Radical Equations: Math Literacy and Civil Rights
by Robert P. Moses with Charles E. Cobb, Jr.
Beacon Press, 2001, 192 pp., $21
Is math education today’s civil rights struggle? Are children in inner-city and poor rural schools the dispossessed sharecroppers of our age? Does a student who learns algebra in the middle school years, like a sharecropper who registered to vote for the first time in the 1960s, then possess the means to reach the “promised land” of full citizenship? In Radical Equations, Bob Moses, the legendary organizer of the Student Non-Violent Coordinating Committee’s (SNCC) Mississippi Freedom Summer and voter registration drives, joins with a former SNCC colleague, Charles Cobb, to raise these questions and to make a powerful argument that the answer is yes.
Radical Equations consists of two distinct, but related, narratives. The first is the story of Moses’s participation in the civil rights movement and the second is the tale of how he organized the Algebra Project, employing the lessons he had drawn from his civil rights movement experiences. The account of the civil rights movement highlights Moses’s vision of grassroots organizing, a process in which ordinary men and women engage the issues that are important to their community and, in so doing, empower themselves, developing into leaders of a de...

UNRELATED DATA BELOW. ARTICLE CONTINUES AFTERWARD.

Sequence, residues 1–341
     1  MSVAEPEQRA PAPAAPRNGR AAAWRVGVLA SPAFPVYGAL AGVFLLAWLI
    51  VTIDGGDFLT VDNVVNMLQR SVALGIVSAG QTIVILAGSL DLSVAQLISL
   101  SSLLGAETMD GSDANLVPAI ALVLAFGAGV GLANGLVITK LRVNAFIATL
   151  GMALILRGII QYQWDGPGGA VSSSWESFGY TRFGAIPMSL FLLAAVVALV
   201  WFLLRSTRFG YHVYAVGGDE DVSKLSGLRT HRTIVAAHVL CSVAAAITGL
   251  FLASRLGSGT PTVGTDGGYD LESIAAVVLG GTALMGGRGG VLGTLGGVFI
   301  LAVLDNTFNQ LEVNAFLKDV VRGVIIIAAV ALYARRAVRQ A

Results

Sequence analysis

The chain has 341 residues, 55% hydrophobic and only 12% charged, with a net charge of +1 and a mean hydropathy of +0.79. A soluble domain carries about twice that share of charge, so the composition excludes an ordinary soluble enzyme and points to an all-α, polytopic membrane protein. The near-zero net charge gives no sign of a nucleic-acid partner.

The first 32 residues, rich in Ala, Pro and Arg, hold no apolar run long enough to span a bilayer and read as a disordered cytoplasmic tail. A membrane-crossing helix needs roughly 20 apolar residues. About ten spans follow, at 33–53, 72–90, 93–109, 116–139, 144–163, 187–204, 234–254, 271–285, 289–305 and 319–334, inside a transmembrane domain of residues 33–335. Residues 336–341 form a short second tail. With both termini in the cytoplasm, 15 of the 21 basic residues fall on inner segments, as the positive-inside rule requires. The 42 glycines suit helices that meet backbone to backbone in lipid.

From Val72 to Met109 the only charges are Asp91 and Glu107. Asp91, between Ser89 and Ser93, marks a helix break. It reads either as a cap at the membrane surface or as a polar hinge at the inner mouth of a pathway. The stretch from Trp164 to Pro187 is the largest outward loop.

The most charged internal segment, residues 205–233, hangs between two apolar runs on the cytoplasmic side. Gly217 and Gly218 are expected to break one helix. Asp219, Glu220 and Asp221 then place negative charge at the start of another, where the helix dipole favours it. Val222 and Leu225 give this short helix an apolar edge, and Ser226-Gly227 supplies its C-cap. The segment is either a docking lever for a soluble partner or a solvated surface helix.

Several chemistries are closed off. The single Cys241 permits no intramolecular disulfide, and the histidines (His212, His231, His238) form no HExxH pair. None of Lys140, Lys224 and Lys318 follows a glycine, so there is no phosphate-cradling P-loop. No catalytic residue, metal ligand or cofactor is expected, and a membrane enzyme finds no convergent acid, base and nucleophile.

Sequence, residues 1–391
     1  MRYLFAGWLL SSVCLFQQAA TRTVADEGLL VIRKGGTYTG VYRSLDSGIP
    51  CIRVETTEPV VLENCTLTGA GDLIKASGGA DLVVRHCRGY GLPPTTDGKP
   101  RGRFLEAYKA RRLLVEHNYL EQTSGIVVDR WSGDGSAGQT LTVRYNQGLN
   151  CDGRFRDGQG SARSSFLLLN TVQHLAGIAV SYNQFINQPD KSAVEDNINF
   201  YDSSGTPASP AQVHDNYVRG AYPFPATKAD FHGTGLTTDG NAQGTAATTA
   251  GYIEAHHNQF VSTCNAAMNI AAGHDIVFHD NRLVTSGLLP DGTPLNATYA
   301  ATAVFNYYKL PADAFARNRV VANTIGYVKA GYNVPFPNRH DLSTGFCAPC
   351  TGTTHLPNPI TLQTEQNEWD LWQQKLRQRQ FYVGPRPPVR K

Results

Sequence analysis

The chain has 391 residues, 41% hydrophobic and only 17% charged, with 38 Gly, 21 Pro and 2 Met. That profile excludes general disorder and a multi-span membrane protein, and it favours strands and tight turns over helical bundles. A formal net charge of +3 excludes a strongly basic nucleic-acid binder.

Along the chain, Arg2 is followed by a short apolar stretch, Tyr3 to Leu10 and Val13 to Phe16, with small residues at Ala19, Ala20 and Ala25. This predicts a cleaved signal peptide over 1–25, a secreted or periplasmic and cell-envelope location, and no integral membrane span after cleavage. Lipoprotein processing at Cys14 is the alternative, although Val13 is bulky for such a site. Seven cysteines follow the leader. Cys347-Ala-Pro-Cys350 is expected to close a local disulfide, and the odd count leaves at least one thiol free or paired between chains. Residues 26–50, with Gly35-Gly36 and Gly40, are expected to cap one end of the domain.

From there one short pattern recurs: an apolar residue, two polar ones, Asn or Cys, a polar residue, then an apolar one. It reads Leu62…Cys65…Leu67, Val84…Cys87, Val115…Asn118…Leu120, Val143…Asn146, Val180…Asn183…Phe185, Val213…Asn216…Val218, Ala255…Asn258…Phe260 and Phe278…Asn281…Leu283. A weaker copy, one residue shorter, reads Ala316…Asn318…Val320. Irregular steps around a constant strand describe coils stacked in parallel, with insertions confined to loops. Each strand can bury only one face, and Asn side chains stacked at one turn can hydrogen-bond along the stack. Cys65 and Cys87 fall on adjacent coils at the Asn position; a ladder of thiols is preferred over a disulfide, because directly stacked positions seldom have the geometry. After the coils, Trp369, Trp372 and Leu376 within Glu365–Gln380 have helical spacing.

For just $19.95 a year, get access to new issues and decades' worth of archives on our site.
Print + Online
For $35 a year, get new issues delivered to your door and access to our full online archives.